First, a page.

[Review] The new Myspace is here, and it kicks ass!
Published on January 18th, 2013 | by Caesar (ENGAGE)
Being the original rockstar of social networking, Myspace was one of the first ever popular social networking sites. I remember when I opened my account with them in 2004, it immediately struck me as a vibrant community to share pictures, updates and above all, music.
You see, one of Myspace’s competitive strengths over the likes of Hi5 and Facebook has always been the way it handles music and media in general. The revamped site, although available in limited form, is a gigantic statement that the social media pioneer is back with a bang and signalling the bulldozer straight in Facebook’s face. And what makes it stronger is that the new site is backed by Justin Timberlake and incorporates many elements of modern web design, particularly visual usability elements that excels at discovery, illustration and fast loading interface elements.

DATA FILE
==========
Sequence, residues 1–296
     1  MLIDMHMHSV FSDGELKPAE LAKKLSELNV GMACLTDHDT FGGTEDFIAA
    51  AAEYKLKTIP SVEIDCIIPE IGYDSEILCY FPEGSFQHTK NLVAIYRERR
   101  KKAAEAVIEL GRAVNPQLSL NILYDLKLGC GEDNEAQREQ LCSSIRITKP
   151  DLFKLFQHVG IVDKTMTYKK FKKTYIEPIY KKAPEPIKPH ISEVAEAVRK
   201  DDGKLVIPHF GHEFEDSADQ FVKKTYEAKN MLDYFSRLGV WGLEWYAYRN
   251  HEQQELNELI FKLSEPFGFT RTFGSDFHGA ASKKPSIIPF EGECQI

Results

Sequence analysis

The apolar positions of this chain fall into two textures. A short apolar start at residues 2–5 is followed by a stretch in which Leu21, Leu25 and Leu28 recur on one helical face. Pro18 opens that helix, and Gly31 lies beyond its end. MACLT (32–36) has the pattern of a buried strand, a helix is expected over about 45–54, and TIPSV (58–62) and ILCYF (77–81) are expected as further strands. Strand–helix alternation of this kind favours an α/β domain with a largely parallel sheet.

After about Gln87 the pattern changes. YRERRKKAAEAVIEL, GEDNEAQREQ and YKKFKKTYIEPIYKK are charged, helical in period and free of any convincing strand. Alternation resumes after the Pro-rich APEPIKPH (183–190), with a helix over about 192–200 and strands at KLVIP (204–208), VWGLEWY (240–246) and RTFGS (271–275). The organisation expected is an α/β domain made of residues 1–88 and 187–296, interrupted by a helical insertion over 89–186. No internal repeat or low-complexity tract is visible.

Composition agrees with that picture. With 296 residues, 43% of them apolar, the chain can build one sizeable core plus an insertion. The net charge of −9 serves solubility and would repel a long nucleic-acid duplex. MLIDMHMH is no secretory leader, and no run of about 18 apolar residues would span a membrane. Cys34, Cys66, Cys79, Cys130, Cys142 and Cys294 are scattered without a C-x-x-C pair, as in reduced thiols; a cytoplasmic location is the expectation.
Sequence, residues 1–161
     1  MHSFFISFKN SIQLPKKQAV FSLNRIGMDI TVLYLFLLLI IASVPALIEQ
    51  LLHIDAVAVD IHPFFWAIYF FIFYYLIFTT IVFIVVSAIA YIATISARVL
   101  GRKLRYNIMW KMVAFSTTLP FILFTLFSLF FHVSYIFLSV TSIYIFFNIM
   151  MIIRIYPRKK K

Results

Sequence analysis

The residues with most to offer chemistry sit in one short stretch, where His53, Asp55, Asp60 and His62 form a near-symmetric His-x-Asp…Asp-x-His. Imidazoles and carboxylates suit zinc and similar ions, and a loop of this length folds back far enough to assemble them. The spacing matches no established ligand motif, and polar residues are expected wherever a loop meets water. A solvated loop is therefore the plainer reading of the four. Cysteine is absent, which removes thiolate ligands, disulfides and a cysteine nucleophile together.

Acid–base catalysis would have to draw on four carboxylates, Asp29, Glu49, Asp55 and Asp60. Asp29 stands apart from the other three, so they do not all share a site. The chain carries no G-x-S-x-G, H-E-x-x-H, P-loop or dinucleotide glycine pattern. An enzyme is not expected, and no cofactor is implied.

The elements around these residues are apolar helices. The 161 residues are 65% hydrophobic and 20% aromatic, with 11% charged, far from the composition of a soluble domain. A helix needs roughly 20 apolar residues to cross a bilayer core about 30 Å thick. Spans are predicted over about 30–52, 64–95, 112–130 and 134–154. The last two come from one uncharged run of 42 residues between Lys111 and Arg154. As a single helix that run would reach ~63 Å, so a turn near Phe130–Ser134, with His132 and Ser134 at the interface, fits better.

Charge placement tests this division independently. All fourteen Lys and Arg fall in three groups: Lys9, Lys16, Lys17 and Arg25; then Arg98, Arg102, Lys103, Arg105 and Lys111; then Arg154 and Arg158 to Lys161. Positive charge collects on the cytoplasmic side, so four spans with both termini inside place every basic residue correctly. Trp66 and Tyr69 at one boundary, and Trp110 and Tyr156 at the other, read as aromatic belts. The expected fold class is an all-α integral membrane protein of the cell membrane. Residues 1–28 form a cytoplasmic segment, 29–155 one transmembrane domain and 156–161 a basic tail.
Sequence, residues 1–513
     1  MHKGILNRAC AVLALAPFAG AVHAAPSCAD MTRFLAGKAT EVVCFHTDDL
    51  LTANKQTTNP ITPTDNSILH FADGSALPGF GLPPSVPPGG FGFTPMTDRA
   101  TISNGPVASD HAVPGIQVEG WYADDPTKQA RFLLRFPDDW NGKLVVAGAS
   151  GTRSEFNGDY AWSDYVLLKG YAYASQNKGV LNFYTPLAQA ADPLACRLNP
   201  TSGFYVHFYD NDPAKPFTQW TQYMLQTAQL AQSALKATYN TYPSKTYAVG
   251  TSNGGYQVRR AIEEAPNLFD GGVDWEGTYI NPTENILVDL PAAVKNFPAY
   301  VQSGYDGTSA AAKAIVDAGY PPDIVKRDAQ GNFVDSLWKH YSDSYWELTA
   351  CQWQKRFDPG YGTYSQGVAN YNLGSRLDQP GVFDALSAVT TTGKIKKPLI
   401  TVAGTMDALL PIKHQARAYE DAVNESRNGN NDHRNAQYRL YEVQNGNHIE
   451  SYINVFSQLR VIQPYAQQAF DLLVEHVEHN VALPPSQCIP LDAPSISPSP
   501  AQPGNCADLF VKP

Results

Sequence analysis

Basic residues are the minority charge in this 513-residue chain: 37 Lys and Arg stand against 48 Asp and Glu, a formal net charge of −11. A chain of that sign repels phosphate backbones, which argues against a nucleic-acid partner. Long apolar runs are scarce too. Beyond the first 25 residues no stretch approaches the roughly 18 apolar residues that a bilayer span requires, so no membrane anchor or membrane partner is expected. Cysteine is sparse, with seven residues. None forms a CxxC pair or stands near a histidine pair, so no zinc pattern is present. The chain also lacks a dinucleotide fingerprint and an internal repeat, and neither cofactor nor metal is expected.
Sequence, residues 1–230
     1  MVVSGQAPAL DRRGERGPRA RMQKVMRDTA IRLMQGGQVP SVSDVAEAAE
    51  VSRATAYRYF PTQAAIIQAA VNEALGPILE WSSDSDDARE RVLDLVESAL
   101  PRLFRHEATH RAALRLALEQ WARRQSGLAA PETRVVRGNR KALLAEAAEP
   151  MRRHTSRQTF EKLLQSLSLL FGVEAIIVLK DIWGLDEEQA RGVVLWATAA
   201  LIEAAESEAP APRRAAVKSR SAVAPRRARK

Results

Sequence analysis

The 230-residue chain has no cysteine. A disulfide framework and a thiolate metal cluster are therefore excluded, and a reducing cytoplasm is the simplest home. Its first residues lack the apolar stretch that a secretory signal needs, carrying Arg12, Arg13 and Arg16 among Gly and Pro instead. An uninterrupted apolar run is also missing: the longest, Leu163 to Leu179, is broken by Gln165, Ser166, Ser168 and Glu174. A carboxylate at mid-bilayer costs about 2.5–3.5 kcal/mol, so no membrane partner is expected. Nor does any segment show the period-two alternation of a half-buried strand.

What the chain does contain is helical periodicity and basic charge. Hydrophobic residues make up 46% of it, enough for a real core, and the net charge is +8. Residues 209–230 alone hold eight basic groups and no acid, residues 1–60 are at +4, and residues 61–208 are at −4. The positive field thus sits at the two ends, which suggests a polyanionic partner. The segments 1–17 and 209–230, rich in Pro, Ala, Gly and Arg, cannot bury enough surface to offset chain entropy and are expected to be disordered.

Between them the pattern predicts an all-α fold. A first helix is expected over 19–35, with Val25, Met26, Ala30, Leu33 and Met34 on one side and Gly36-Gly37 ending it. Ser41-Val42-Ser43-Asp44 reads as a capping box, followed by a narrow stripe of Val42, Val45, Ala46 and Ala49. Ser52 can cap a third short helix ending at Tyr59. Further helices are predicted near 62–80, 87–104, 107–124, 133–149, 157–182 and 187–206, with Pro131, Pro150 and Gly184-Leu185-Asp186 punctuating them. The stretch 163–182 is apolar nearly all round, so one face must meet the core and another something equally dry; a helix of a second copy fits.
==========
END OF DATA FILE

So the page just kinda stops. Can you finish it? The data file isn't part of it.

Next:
So how does it fare with music?
The site is primarily a music service, mixing a Spotify-like player (and radio) with elements of Facebook and Pinterest. MySpace has stated that it intends to expand the service into broader entertainment channels. MySpace has a brilliant intuitive music player, which interacts with the site content extremely well. It constantly docks at the bottom of the screen, and whatever media you select enters the queue and starts playing as soon as you click on it, similar to Youtube’s video playlist feature. If you’re in the middle of listening to a playlist (or “Mix”), the song or video just slips into the queue without disturbing the rest of it.
Myspace has introduced an amazing new rating and authentication system for active musicians and artists and has a “verified” system, represented by a blue check mark underneath the person’s profile pic. All of the pillars of the artist page such as profile pic handling, album uploads and plans still hold true to today.
So, is this really a big time comeback?
I personally think that although it may do extremely well in places like the US and Canada, it may bomb in the middle east because of its heavy reliance of subscription based services such as Spotify that aren’t strong in these neck of the online woods. Nevertheless, it is a fabulous revamp and we wish the team at Myspace the very best!